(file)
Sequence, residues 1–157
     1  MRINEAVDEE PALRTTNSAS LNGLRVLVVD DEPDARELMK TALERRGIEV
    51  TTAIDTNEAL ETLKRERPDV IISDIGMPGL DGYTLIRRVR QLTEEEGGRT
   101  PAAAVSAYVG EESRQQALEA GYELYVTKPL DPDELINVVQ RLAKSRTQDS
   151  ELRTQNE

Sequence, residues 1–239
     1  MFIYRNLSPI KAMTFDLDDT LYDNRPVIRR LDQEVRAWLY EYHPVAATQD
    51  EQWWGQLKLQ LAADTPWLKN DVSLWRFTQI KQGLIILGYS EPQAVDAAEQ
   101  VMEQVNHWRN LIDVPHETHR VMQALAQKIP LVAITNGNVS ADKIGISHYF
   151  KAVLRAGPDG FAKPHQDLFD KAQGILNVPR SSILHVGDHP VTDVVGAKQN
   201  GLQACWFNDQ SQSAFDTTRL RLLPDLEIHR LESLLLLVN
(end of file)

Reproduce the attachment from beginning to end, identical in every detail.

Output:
Sequence, residues 1–157
     1  MRINEAVDEE PALRTTNSAS LNGLRVLVVD DEPDARELMK TALERRGIEV
    51  TTAIDTNEAL ETLKRERPDV IISDIGMPGL DGYTLIRRVR QLTEEEGGRT
   101  PAAAVSAYVG EESRQQALEA GYELYVTKPL DPDELINVVQ RLAKSRTQDS
   151  ELRTQNE

Sequence, residues 1–239
     1  MFIYRNLSPI KAMTFDLDDT LYDNRPVIRR LDQEVRAWLY EYHPVAATQD
    51  EQWWGQLKLQ LAADTPWLKN DVSLWRFTQI KQGLIILGYS EPQAVDAAEQ
   101  VMEQVNHWRN LIDVPHETHR VMQALAQKIP LVAITNGNVS ADKIGISHYF
   151  KAVLRAGPDG FAKPHQDLFD KAQGILNVPR SSILHVGDHP VTDVVGAKQN
   201  GLQACWFNDQ SQSAFDTTRL RLLPDLEIHR LESLLLLVN